Solving static equilibrium#

We have now covered how to create the structure (tree) of a model and how to decorate it with nodes. Time to move to the static solver.

DAVE’s static solver tries to bring the model to a state with force and moment equilibrium. But what is the “state”? Which parts of the model can move and how can they move?


The position and orientation of each and every Axis in the model is defined using six numbers. Three for the position and three for the orientation. Each of these six components can be either “fixed” or “free” (not fixed). Any free component becomes a degree of freedom of the model. The numerical values for these degrees of freedom will be determined by the static equilibrium solver.

Degrees of Freedom

The solver finds the numerical values for the positions and orientations of axis nodes that are not fixed

By default the position and orientation of an axis node are fixed.

Note that only the positions and orientations of Axis type nodes can be released. For all other node types this is not possible. They will either move with their parent (axis) or will not move at all.


The following example models a piano suspended from a skyhook.


  • The skyhook is a Point without a parent. This means it is a point that is fixed to the world.

  • The piano is an Axis node

  • The cog of the piano is modelled by placing a Point on the piano (the parent of center of gravity is piano)

  • Gravity is modelled by applying a force node on the cog

  • The liftpoint on the piano is modelled using another point on the piano node.

  • The lifting wire is modelled using a Cable node between the skyhook point and the liftpoint node. The cable is given a length and stiffness.

You can create this model by copy-pasting the following python code into the Gui and executing it.






s.new_point(name='center of gravity',
          position=(0.0, 0.0, 0.0))


            parent='center of gravity',
            force=(0.0, 0.0, -3.0),
            moment=(0.0, 0.0, 0.0) )

As you can see this model is not in static equilibrium. Or is it?

Statics can be solved by pressing the yellow “Solve Statics” button on the top-left of the viewport. Pressing this button will show a “No degrees of freedom - nothing to solve” message. This does not mean that the model is not in equilibrium. It just means that the model is not what we expect it to be. In this case the piano has all its degrees of freedom set to Fixed. This means that the origin of the piano node is fixed to the world. A force and moment can be present in the connection between the piano and the world. And in fact there are:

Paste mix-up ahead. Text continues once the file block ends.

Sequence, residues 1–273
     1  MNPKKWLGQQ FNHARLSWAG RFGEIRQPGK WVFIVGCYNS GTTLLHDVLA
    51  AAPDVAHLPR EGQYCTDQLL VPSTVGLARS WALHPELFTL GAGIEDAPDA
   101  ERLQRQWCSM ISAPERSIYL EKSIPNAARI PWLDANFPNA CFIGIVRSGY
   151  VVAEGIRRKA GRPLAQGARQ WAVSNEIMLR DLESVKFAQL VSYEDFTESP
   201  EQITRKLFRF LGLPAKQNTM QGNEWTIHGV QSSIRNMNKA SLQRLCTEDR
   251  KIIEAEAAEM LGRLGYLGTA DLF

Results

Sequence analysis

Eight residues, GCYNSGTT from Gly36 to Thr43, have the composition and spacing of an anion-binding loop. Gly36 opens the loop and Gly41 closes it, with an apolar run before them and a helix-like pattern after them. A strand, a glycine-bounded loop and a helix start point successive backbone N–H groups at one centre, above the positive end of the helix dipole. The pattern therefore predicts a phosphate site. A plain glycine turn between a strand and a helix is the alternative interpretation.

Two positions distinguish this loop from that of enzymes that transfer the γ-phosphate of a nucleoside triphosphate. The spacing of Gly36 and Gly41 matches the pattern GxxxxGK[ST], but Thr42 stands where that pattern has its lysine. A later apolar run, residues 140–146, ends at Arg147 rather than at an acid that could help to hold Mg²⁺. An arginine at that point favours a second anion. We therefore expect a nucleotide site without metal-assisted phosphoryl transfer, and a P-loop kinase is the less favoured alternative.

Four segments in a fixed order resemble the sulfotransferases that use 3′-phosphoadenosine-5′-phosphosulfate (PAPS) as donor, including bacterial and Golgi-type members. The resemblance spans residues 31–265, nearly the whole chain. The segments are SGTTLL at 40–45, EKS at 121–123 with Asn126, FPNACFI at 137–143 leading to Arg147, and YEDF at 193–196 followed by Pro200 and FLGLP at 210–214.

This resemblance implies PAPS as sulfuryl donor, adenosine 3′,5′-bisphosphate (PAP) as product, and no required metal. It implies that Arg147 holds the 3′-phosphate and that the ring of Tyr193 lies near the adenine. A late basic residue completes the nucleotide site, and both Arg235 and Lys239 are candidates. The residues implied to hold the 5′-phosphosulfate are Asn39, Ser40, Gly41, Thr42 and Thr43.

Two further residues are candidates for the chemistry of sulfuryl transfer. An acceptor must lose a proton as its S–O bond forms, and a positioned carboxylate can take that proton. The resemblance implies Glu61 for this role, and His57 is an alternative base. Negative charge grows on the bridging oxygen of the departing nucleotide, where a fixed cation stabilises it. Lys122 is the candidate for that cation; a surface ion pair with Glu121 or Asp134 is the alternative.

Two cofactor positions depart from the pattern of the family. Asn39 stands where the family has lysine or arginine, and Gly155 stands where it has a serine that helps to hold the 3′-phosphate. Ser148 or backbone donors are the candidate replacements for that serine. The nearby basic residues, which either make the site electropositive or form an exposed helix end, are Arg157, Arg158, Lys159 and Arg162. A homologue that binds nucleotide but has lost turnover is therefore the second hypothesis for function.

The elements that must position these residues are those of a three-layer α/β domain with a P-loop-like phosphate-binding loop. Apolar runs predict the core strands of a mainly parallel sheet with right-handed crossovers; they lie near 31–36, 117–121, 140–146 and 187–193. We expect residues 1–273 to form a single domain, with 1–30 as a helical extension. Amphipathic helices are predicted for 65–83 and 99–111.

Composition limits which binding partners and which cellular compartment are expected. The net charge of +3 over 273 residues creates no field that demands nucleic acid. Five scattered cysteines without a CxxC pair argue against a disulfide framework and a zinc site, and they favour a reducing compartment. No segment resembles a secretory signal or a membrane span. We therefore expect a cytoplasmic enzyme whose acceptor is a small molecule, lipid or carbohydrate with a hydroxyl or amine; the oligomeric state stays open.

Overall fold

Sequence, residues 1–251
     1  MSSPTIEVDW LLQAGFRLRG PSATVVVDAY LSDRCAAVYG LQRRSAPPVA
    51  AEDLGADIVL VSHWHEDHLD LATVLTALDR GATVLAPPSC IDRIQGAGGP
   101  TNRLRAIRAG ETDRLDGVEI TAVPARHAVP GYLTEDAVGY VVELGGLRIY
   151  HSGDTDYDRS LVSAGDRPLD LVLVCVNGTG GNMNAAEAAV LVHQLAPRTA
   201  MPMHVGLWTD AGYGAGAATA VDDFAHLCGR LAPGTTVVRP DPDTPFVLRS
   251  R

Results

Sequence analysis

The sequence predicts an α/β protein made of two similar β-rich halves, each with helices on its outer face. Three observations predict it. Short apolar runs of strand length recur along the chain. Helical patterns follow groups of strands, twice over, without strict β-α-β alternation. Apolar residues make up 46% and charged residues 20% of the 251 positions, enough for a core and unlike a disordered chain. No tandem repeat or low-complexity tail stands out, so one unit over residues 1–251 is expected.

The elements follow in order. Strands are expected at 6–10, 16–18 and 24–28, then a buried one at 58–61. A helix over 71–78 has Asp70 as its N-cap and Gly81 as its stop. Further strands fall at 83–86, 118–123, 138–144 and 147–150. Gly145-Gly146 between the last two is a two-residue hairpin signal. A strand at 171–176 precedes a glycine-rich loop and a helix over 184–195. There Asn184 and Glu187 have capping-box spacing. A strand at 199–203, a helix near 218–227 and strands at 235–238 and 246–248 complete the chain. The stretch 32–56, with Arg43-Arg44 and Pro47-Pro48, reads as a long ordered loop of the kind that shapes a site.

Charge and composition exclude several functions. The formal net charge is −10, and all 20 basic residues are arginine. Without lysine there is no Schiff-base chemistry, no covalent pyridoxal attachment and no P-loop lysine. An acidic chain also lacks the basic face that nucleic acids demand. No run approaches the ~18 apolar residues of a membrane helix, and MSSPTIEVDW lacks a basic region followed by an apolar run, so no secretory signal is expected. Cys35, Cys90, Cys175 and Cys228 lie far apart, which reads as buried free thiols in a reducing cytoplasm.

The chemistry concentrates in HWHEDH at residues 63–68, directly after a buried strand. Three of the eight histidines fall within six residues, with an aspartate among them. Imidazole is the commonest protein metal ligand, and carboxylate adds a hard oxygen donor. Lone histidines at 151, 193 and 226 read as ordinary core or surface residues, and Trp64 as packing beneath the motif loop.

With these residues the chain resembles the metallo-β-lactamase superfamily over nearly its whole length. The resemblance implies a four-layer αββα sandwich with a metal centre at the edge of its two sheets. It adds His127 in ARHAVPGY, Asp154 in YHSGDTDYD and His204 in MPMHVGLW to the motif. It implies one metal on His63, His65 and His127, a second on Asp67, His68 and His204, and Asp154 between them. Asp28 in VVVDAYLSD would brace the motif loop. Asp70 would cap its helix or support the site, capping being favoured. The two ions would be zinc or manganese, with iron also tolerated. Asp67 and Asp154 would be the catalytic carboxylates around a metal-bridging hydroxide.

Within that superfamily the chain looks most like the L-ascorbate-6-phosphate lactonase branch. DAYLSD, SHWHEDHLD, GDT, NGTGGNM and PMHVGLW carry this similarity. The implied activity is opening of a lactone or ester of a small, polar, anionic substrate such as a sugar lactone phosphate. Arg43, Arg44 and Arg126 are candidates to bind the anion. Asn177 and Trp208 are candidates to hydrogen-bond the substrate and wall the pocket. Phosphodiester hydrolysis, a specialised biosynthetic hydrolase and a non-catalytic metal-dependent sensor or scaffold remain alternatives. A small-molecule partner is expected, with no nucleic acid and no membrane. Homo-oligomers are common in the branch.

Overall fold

To model a free haning piano we need to release this connection. As expected this is done by unchecking the “fixed” settings for all degrees of freedom of the piano node.


What just happened?#

The static solver of DAVE just brought the model to a static equilibrium. The new X and Y positions of the origin of the piano node were changed to 2.0 and 1.0, bringing the cog of the piano right below the skyhook. Also the piano rotated such that the liftpoint is now located in line with the cog and the skyhook. Finally the piano fell down a bit. The vertical displacement is such that the stretch in the cable is such that the tension in the cable due to stretch equals the gravity force on the piano. Changing the stiffness or length of the cable and solving again will result in a different Z value.


A model may have more than a single equilibrium condition. In this particular example the piano can rotate under its liftpoint. Any rotation in that direction is an equilibrium position as well.

Also the situation where the piano is upside-down with its cog right above the liftpoint is an equilibrium situation. DAVE tries its best to find the most logical stable equilibrium situation based on the start conditions.


It is also possible that a model does not have an equilibrium position at all. Try removing the cable from the model and solving statics…. In such cases the undo button next to the solve-statics button comes in handy.